Crouse-Hinds Sodium Street Lamp

Crouse-Hinds Sodium Street Lamp

Current location:

Collection Storage Facility

Provenance:

Ontario Hydro acquired this artifact for its Museum of Electrical Progress in the late 1960s, transferring it to the national collection in 1992.

Technical history:

This sodium-vapour spotlight lamp used heated sodium gas to produce light. It was designed to illuminate public buildings, airport landing strips, and heavy-volume highways.

History:

Sodium lamps were introduced for street lighting in 1933. However, even though they were twice as efficient as incandescent or mercury bulbs, low-pressure sodium bulbs, like the one used in this lamp, allowed only a monochrome view of objects. High-pressure sodium (HPS) bulbs, which enabled people to see an object’s original colours, even at night, were only developed in 1966. The arrival of HPS bulbs on the Canadian market coincided with Expo 67 in Montreal, although they had been installed a year earlier in Calgary, on an experimental basis.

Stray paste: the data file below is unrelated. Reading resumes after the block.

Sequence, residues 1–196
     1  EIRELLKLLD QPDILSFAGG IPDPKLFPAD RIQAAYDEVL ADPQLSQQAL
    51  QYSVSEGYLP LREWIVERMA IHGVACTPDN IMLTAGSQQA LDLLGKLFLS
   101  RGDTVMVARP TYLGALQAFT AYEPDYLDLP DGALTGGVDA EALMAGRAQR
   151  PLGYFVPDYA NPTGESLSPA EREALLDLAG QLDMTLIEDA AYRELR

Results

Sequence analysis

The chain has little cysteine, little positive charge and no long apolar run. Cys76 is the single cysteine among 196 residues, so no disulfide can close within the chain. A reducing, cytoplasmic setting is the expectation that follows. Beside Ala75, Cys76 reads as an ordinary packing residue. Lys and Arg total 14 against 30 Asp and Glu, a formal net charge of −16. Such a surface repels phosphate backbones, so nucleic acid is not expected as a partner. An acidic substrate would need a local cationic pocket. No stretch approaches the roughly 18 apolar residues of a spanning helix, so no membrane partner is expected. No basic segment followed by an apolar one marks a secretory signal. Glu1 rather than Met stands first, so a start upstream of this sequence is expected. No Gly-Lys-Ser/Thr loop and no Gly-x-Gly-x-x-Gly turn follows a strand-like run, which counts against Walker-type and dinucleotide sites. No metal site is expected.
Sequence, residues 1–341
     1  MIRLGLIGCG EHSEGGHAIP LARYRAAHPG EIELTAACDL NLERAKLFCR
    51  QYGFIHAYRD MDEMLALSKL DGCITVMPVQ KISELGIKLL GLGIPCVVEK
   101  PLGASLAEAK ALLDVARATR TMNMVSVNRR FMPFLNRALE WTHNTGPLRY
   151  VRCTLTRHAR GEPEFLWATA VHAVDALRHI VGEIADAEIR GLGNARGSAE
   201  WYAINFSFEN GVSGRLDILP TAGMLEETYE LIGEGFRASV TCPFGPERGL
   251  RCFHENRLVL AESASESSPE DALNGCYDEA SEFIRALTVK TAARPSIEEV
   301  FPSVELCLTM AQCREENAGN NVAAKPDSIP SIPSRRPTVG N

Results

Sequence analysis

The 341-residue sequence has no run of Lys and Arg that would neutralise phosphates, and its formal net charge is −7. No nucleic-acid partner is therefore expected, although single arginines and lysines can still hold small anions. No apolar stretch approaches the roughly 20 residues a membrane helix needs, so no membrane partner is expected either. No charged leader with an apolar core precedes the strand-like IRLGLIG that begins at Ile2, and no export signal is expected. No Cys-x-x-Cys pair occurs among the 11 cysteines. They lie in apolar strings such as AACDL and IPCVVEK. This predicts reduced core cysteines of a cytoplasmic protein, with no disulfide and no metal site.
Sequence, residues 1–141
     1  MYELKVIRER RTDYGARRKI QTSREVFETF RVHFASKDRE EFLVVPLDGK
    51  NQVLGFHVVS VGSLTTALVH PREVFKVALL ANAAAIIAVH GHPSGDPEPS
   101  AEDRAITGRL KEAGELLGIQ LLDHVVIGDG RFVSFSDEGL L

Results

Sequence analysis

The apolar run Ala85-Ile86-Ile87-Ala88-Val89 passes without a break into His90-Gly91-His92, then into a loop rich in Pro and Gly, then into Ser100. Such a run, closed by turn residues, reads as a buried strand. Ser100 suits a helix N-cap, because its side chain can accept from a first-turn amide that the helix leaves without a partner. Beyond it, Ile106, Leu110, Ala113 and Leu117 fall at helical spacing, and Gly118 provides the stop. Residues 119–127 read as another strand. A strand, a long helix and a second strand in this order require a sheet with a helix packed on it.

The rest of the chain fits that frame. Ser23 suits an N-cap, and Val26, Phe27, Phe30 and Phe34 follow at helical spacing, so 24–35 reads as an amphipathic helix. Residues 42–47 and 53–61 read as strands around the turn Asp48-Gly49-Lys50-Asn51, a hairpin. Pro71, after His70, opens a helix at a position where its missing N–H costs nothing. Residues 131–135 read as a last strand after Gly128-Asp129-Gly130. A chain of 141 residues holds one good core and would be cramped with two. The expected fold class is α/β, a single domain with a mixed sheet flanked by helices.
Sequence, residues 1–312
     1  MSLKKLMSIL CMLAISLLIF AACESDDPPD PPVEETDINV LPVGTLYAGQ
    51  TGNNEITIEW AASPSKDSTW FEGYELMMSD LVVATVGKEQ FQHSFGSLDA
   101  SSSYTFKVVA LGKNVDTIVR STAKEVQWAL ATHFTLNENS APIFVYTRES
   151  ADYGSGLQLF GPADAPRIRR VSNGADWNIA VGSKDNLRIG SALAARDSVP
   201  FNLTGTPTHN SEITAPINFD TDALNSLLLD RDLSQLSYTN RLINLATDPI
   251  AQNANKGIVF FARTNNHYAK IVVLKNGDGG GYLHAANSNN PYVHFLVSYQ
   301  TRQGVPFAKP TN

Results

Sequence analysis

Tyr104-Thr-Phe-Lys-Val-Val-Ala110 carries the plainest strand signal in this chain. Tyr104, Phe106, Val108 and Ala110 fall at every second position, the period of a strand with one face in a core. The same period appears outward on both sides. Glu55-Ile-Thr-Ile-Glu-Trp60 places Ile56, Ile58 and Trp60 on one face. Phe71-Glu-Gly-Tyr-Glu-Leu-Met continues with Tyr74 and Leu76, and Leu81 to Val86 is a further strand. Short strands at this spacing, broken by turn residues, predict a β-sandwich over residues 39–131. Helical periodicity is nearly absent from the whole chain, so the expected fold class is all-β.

CSTM
Canada Science and Technology Museum
Artifact No.
1992.1682
Manufacturer
Crouse-Hinds
Manufacturer Location
Toronto, Ontario
Manufacture Date
1963
Acquisition Date
1992